## Input Data for Matrix Calculators

Now all matrix calculators support both real and complex matrices. To ensure that the browser loads the lastest calculators, it should be refreshed or reloaded. Please send any comments and/or found bugs/errors to dan@comnuan.com, last updated: May 27, 2016

All matrix calculators require that the matrix entries must be entered as below.

Only matrix entries are entered and are in the form

1st row of matrix
2nd row of matrix
............
last row of matrix


The number of rows of the matrix is determined from the number of non-empty lines of the input and the number of columns is determined from the number of entries in the first row.

At least one white space is required to separate each matrix entry. Matrices can be copied and pasted or manually edited in the text area.

Valid matrix entries are real numbers like 1, 2/3, -34.15, 2.0e-3 or complex numbers in the form a+b*i like 2+3*i, 4, 5*i. Note that complex entries must not contain space. The matrix entries can also be input as mathematical expressions like sin(0.5), exp(pi), 1/2+1/3, 2^3, (2+3*i)^5, exp(1-i). All supported math functions for both real and complex are list in the table below.

Since spaces are used as the matrix entry separator, matrix entries must not contain space. For examples, 2+3*i and sin(0.5) are valid input but 2 +3 *i, sin( 0.5 ) are not because they contain spaces. Here is an example of valid input for matrix calculators.

sin(pi/2)   -2    3+i
5-i       2^3  -1
log(10^3)  1     1/2+2/4


As all matrix entries are evaluated before they are passed to matrix calculators we can use some matrix calculators like transpose calculator or trace calculator (with one entry) as scientific calculators. Note that the first calculator transpose the evaluated values if the number of entries are greater than one. For example, enter 1/2+exp(pi)-sqrt(e) in the transpose or trace calculators we get the output 21.9920. And enter (1+sqrt(5))/2 4*atan(1) in the transpose calculator we get the output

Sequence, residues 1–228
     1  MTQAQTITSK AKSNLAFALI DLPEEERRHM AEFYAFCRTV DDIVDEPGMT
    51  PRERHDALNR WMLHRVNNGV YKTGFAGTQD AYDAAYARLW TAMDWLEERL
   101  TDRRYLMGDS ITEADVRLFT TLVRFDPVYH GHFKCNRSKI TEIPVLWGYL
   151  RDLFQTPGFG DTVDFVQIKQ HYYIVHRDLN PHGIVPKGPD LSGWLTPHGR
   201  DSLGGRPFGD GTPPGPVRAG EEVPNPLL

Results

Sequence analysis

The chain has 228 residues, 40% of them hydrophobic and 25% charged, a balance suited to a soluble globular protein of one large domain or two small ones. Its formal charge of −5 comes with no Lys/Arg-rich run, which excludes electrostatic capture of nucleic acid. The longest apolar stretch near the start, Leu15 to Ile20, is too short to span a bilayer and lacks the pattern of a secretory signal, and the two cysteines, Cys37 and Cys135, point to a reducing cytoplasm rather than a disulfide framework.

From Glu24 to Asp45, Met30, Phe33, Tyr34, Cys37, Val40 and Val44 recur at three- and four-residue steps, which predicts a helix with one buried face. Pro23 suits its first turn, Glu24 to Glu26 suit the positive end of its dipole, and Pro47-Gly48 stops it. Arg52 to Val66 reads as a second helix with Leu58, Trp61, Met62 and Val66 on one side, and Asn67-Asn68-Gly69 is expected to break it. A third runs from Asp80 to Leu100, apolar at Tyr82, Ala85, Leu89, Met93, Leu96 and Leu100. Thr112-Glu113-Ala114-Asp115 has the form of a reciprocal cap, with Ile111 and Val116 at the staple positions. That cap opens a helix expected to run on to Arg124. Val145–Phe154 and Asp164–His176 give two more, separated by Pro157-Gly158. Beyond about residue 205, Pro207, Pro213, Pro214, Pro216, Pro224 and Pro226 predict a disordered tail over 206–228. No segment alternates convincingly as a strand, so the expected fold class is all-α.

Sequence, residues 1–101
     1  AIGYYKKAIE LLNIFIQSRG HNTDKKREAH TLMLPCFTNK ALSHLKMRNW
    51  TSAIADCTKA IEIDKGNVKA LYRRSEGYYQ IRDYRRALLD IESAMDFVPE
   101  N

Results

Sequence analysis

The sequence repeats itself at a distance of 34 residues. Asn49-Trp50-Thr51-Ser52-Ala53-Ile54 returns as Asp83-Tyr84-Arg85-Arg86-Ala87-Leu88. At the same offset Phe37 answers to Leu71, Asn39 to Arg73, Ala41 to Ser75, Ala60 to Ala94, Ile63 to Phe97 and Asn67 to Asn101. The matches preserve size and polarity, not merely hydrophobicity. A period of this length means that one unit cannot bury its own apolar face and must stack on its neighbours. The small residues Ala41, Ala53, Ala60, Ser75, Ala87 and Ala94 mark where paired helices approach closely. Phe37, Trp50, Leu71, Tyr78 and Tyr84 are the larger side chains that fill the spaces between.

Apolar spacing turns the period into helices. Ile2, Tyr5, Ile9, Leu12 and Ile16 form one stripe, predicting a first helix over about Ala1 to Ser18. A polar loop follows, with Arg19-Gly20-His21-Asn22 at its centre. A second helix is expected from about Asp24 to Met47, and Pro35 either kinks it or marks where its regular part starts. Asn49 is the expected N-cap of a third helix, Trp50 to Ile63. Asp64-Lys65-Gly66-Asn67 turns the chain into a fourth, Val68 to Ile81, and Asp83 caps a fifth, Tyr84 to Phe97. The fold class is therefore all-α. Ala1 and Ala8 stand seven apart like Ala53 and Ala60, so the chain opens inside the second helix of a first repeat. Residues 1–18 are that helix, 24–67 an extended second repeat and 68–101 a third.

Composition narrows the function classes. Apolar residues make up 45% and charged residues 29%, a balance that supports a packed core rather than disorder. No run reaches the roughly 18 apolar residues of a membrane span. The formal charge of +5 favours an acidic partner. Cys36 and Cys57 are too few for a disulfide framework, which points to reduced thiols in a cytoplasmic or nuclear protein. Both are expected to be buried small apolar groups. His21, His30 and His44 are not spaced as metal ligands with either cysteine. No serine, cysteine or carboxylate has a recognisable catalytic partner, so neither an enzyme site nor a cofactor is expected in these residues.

1.6180
3.1416

i.e. (1+sqrt(5))/2 = 1.6180 and 4*atan(1) = 3.14.16. In the case of evaluating complex math expression, the transpose calculator both transpose and take complex conjugate the results. For example enter (2+3*i)^2 in the calculator we get -5-12*i as the output. Taking complex conjugate of the output, we get -5+12*i which is the value of (2+3*i)^2

All math functions in table below support both real and complex entries.

functiondescriptionexample
eA constant e=2.718281828459045-
piA constant pi=3.141592653589793-
iA constant $i=\sqrt{-1}$2+3*i
absabs(x) the absolute value of xabs(-2)
sqrtsqrt(x) the square root of xsqrt(2+5*i)
powpow(x,y) the power of x to y, the same as x^ypow(3,2) or 3^2
expexp(x) the base-e exponential function of xexp(3)
loglog(x) the natural logarithm of xlog(2)
sinsin(x) the sine of xsin(1.5)
coscos(x) the cosine of xcos(1.5)
tantan(x) the tangent of xtan(1.5)
asinasin(x) the inverse sine of xasin(0.5)
acosacos(x) the inverse cosine of xacos(0.5)
atanatan(x) the inverse tangent of xatan(0.5)
sinhsinh(x) the hyperbolic sine of xsinh(0.5)
coshcosh(x) the hyperbolic cosine of xcosh(0.5)
tanhtanh(x) the hyperbolic tangent of xtanh(0.5)